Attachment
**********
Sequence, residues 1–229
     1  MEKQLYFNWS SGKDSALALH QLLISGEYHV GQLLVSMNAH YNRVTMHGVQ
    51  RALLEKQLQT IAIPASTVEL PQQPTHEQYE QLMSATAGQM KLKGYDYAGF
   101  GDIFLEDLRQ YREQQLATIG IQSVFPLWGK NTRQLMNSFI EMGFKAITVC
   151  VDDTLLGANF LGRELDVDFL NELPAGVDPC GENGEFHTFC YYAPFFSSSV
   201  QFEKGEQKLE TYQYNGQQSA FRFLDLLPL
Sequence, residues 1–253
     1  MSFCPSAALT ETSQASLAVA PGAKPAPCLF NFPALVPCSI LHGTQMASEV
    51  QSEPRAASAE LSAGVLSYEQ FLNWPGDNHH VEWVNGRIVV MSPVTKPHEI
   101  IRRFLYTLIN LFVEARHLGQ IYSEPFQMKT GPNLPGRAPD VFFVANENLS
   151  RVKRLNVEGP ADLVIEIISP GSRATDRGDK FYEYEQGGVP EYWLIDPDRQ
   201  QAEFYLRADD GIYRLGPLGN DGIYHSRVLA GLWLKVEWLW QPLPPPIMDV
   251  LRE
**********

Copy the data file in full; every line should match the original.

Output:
Sequence, residues 1–229
     1  MEKQLYFNWS SGKDSALALH QLLISGEYHV GQLLVSMNAH YNRVTMHGVQ
    51  RALLEKQLQT IAIPASTVEL PQQPTHEQYE QLMSATAGQM KLKGYDYAGF
   101  GDIFLEDLRQ YREQQLATIG IQSVFPLWGK NTRQLMNSFI EMGFKAITVC
   151  VDDTLLGANF LGRELDVDFL NELPAGVDPC GENGEFHTFC YYAPFFSSSV
   201  QFEKGEQKLE TYQYNGQQSA FRFLDLLPL
Sequence, residues 1–253
     1  MSFCPSAALT ETSQASLAVA PGAKPAPCLF NFPALVPCSI LHGTQMASEV
    51  QSEPRAASAE LSAGVLSYEQ FLNWPGDNHH VEWVNGRIVV MSPVTKPHEI
   101  IRRFLYTLIN LFVEARHLGQ IYSEPFQMKT GPNLPGRAPD VFFVANENLS
   151  RVKRLNVEGP ADLVIEIISP GSRATDRGDK FYEYEQGGVP EYWLIDPDRQ
   201  QAEFYLRADD GIYRLGPLGN DGIYHSRVLA GLWLKVEWLW QPLPPPIMDV
   251  LRE